Hearing loss in the workplace

May 27, 2013 Kristiina Huckabay, AuD, FAAA

Hearing loss is a term that many associate with an aging population. For some it may trigger memories of large, obvious and obtrusive hearing aids or devices that squealed!  This is not the reality in 2013.  A look at the individuals I see every day as an audiologist reveals a large number of employed professionals who are encountering difficulty in work environments.  From telephone work to conference and lunch meetings, hearing loss is impacting our workforce.

The National Institute on Deafness and other Communication Disorders (NIDCD) estimates that nearly 1 in 5 Americans between the ages of 45-64 years of age experience hearing loss.  The prevalence of hearing loss increases with age and with an aging workforce that includes many working well into their 70s, it should be noted that the incidence of hearing loss increases to 1 in 3 for Americans between the ages of 65-74 years of age.  We now have a culture of employment that includes unique viewpoints from four generations working side by side.   Many of us are aware that intergenerational communication styles may vary.  It would behoove us to also consider hearing loss as we think about intergenerational communication in the workplace. 

Individuals who work in a quiet or solitary environment may “get by” with their hearing loss. However, most individuals will encounter much more complex listening environments at work. Imagine if you had hearing loss and were required to listen in the following environments:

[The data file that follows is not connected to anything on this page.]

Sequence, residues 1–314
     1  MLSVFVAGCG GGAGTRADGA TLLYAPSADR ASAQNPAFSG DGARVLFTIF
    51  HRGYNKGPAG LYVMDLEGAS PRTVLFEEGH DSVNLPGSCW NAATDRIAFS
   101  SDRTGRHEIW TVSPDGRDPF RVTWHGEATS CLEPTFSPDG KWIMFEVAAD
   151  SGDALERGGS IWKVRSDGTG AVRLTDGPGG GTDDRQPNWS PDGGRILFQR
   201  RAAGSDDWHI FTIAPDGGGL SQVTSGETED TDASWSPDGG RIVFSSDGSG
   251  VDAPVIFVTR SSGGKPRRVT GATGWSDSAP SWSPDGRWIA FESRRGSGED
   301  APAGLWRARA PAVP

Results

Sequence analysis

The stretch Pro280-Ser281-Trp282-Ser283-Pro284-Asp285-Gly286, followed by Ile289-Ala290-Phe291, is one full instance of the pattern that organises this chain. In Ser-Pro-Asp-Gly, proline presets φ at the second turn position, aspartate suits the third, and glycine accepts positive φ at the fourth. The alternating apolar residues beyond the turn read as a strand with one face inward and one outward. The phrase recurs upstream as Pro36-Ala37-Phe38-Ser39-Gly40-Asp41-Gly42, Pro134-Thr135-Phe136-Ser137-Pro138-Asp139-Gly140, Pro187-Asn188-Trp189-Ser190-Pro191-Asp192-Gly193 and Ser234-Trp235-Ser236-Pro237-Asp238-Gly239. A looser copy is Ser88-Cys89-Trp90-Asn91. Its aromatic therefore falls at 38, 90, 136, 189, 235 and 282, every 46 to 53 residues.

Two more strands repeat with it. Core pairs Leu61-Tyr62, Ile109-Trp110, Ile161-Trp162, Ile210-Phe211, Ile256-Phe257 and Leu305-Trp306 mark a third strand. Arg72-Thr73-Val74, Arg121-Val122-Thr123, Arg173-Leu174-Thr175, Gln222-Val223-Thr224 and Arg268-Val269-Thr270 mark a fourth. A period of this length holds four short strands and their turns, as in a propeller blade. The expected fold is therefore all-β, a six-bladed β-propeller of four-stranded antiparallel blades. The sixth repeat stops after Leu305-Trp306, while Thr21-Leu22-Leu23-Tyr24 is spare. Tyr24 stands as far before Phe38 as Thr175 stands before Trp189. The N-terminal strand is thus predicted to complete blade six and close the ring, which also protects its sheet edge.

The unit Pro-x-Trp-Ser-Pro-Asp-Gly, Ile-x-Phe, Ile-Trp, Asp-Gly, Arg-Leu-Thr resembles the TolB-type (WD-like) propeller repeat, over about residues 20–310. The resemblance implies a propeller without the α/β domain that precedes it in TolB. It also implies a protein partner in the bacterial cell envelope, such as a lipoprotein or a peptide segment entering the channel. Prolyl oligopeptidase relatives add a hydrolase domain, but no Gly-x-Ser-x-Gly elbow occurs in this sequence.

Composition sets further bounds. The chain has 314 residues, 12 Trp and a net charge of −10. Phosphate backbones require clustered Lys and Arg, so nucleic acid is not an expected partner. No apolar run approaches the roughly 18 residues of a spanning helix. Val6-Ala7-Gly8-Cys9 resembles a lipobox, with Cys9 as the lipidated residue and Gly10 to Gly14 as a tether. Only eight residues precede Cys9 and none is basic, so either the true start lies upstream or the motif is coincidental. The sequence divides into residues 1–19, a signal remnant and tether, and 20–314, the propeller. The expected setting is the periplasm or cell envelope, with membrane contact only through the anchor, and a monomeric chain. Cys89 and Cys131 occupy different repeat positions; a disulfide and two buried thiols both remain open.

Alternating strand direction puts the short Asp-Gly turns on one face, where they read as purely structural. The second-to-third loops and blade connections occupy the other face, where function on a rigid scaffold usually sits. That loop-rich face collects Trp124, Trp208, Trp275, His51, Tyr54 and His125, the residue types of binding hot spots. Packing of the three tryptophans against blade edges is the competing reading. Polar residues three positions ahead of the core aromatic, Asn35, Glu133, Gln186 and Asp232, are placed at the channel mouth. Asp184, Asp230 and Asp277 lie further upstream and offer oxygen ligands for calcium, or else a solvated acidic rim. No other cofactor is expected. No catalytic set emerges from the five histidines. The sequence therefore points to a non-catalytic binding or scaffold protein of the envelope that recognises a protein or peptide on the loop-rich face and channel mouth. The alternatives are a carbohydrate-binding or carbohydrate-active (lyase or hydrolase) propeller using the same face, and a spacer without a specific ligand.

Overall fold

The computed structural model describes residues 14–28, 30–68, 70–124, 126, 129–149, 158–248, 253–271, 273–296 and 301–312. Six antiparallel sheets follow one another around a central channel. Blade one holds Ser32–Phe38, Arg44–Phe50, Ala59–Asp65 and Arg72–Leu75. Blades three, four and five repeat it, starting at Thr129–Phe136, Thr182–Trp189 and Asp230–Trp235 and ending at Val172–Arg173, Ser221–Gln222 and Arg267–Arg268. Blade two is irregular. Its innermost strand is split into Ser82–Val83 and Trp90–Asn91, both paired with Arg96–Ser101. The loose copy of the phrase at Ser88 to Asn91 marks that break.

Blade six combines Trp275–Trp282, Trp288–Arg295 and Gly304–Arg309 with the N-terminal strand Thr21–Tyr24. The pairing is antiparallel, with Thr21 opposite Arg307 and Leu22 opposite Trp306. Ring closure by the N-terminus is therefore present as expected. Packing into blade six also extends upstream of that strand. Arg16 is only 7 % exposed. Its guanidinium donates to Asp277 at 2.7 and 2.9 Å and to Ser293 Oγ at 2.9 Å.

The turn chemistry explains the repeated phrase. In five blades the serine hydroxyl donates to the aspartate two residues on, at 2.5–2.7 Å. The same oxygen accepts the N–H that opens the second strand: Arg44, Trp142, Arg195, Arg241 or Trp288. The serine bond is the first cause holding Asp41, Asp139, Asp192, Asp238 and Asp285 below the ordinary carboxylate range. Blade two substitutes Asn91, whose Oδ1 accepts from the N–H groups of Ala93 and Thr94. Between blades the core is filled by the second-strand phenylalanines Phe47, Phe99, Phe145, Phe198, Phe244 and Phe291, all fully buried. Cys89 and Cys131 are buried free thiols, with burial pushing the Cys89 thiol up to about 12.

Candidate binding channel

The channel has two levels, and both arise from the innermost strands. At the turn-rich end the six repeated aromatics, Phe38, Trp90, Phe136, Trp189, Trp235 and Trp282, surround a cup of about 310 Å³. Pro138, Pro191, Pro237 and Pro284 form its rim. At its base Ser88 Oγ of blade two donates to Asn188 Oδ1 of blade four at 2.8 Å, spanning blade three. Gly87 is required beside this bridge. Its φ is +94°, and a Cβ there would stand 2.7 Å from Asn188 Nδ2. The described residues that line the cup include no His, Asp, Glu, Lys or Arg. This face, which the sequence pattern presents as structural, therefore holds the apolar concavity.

• Working in a cubicle environment where colleagues speak from behind or speak over/through walls.
  • Participating in conference calls and telephone calls in which there are no visual cues to supplement the speaker’s voice.
  • Participating in conference room meetings where distance can create a barrier in the ability to hear individuals around the table.
  • Listening to individuals with accented speech.  We value a diverse workplace and may be working with individuals with various accents which can reduce the redundancy of speech and create difficulty for individuals with hearing loss.
  • Listening to a colleague who speaks rapidly, which can degrade the speech signal and create difficulties for the individual with hearing loss.
  • Consider a counselor who works with patients who may speak quietly when sharing sensitive information.

These are not uncommon scenarios.  Hearing loss is not impacting only our retired and aging population.  It is impacting our working force and for some individuals, their livelihood depends on their ability to hear accurately.  Fortunately treatment through the use of hearing aids and assistive devices can improve speech understanding and greatly reduce the anxiety and fatigue that individual’s experience when they are not hearing well at work. As not only an employee but patient of Swedish, I hope that the individual who schedules my appointment, checks me in for a visit, or the nurse or physician who takes my history takes advantage of the assistive technologies available to clearly hear my concerns. 

If you are missing the sounds of your life and feeling ready to improve the quality of your life, call 206-215-1770 to schedule a hearing evaluation.  Or for more information that you can access online, click here.

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